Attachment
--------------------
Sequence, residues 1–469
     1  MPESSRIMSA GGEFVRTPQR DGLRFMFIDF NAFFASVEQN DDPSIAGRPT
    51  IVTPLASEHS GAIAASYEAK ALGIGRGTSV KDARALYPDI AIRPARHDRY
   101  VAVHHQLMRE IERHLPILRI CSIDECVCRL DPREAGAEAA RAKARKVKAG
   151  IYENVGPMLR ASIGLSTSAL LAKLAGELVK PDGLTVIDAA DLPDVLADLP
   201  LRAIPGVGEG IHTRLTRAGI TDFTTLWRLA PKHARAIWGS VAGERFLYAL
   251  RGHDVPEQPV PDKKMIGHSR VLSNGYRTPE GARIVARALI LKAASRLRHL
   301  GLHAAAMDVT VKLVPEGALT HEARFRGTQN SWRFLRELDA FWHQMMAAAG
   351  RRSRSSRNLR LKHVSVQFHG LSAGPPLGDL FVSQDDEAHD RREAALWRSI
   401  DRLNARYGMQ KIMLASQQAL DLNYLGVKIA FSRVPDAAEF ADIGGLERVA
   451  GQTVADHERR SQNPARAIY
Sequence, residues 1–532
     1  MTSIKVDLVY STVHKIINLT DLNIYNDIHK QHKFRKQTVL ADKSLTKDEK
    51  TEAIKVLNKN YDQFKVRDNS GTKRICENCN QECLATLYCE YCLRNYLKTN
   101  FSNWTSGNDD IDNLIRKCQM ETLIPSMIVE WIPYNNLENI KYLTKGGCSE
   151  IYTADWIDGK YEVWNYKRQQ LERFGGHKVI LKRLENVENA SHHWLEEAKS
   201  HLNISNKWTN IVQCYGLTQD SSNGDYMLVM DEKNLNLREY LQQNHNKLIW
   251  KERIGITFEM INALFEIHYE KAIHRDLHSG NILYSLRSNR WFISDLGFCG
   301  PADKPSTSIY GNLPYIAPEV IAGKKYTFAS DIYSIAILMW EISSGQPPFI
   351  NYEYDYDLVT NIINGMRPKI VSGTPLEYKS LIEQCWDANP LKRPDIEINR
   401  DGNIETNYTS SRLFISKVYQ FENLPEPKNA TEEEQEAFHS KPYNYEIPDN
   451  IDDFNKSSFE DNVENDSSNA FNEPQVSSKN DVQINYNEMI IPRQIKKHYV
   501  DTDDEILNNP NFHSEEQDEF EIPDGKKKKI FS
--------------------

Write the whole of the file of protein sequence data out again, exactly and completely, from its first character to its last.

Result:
Sequence, residues 1–469
     1  MPESSRIMSA GGEFVRTPQR DGLRFMFIDF NAFFASVEQN DDPSIAGRPT
    51  IVTPLASEHS GAIAASYEAK ALGIGRGTSV KDARALYPDI AIRPARHDRY
   101  VAVHHQLMRE IERHLPILRI CSIDECVCRL DPREAGAEAA RAKARKVKAG
   151  IYENVGPMLR ASIGLSTSAL LAKLAGELVK PDGLTVIDAA DLPDVLADLP
   201  LRAIPGVGEG IHTRLTRAGI TDFTTLWRLA PKHARAIWGS VAGERFLYAL
   251  RGHDVPEQPV PDKKMIGHSR VLSNGYRTPE GARIVARALI LKAASRLRHL
   301  GLHAAAMDVT VKLVPEGALT HEARFRGTQN SWRFLRELDA FWHQMMAAAG
   351  RRSRSSRNLR LKHVSVQFHG LSAGPPLGDL FVSQDDEAHD RREAALWRSI
   401  DRLNARYGMQ KIMLASQQAL DLNYLGVKIA FSRVPDAAEF ADIGGLERVA
   451  GQTVADHERR SQNPARAIY
Sequence, residues 1–532
     1  MTSIKVDLVY STVHKIINLT DLNIYNDIHK QHKFRKQTVL ADKSLTKDEK
    51  TEAIKVLNKN YDQFKVRDNS GTKRICENCN QECLATLYCE YCLRNYLKTN
   101  FSNWTSGNDD IDNLIRKCQM ETLIPSMIVE WIPYNNLENI KYLTKGGCSE
   151  IYTADWIDGK YEVWNYKRQQ LERFGGHKVI LKRLENVENA SHHWLEEAKS
   201  HLNISNKWTN IVQCYGLTQD SSNGDYMLVM DEKNLNLREY LQQNHNKLIW
   251  KERIGITFEM INALFEIHYE KAIHRDLHSG NILYSLRSNR WFISDLGFCG
   301  PADKPSTSIY GNLPYIAPEV IAGKKYTFAS DIYSIAILMW EISSGQPPFI
   351  NYEYDYDLVT NIINGMRPKI VSGTPLEYKS LIEQCWDANP LKRPDIEINR
   401  DGNIETNYTS SRLFISKVYQ FENLPEPKNA TEEEQEAFHS KPYNYEIPDN
   451  IDDFNKSSFE DNVENDSSNA FNEPQVSSKN DVQINYNEMI IPRQIKKHYV
   501  DTDDEILNNP NFHSEEQDEF EIPDGKKKKI FS